This study is the first report on the mutation frequency of the MYH7 gene in a population of patients clinically diagnosed with HCM in Venezuela. The MYH7 gene was the first gene associated with HCM in humans (23), and it has been reported that MYH7, together with MYBPC3--the gene encoding cardiac isoform of myosin-binding protein C--, are responsible for about 70% of genotyped HCM cases (24). In Venezuela, HCM patients are diagnosed exclusively by clinical evaluation because genetic trials are not available. It is therefore important to examine the genetic background in those individuals already diagnosed with HCM. The present study constitutes an important starting point which should lead to a better understanding of the genetic basis of HCM in Venezuela, and also contribute to the development of valuable diagnostic tools for identifying individuals of the patients family who are at risk for HCM. Examining all of the genes in which disease associated mutations have been described would entail considerably more resources and technology than the ones currently available.
The mutations that have been described in the MYH7 gene are predominantly missense mutations, located principally in the globular myosin head (25-27). There are also mutations, described in the rod region of the gene (5), that have been associated largely with dilated cardiomyopathy (5).
Here we report eight polymorphisms in exons and two genetic variations in intronic regions. In our studied population sample, we did not find any missense mutations in the MYH7 gene. The absence of missense mutations on these clinically diagnosed HCM patients, has several explanations. First, the population studied consisted of only clinically diagnosed patients not previously classified with specific heart pathologies, as it is done in a large reference center; second, the patient population in the study could represent sporadic cases of HCM. Other studies have noted that in sporadic cases of HCM there can be a scarcity of mutations in the genes most commonly mutated in HCM patients (28). Also, it has been demonstrated that the frequency of mutations in the MYH7 gene is low in patients diagnosed as mature adults (11, 18), which could explain the absence of mutations in the 55 years old patients in our study . According to Brito et al. (28) individuals with sporadic HCM exhibit the disease later in life and the causative mutations often remained unidentified in familial hypertrophic cardiomyopathy (FHC) cases.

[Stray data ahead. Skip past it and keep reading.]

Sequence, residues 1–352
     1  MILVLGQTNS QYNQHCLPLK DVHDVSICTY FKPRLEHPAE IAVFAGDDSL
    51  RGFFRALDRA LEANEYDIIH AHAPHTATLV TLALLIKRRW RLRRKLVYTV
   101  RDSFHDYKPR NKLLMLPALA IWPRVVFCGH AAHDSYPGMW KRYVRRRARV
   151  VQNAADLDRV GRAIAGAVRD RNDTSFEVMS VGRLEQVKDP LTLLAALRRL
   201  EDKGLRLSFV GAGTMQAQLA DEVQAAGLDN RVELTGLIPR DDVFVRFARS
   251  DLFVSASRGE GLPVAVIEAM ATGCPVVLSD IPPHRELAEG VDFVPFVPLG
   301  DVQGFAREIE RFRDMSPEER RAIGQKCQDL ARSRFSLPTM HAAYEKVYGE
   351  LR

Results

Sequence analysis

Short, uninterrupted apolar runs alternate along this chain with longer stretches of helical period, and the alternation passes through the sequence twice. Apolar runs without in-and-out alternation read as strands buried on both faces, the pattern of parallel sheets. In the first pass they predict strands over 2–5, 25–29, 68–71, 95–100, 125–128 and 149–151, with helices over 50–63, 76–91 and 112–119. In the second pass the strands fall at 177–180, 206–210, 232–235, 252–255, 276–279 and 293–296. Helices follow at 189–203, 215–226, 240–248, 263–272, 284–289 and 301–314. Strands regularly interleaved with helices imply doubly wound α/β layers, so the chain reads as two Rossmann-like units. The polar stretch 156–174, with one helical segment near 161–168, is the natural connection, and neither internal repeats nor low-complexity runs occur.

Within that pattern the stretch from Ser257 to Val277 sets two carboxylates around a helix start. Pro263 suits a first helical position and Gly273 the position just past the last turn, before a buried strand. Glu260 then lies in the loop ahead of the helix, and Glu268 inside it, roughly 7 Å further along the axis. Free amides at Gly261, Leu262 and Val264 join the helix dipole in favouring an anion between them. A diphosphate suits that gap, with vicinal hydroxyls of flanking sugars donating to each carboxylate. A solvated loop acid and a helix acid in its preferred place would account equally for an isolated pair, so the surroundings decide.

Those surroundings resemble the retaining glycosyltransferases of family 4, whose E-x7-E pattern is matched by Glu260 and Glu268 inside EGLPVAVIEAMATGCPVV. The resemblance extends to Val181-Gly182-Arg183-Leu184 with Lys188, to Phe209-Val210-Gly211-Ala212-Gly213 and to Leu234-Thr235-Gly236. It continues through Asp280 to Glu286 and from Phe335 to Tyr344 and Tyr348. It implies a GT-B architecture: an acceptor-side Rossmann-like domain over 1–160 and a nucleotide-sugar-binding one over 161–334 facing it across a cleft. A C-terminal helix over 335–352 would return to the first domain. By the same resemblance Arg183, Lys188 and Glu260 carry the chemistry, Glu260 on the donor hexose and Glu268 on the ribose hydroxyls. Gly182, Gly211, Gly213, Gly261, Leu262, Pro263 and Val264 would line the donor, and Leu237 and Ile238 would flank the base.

The number of mutations associated with FHC is dependent upon the genetic characteristics of the population studied. In one study by Laredo et al. in Spain (18), mutations in the MYH7 gene were reported only in 10% to the families evaluated. Similar results were observed by Van driest et al. (29) and Garcia Castro et al. (30).
Additionally, Roncaratti et al. analyzed a population of 125 unrelated Italian patients and reported a low number of mutations in the MYH7 gene (31). Most studies point to an association between mutations in the MYH7 gene and familial history of HCM, but this was not found in the study of Bashyam et al. (32), which reported mutations in only seven of 80 patients, with familial history, suggesting that the role of the mutations in the MYH7 gene in FHC is not completed defined and may depend upon the genetic heterogeneity of the populations studied.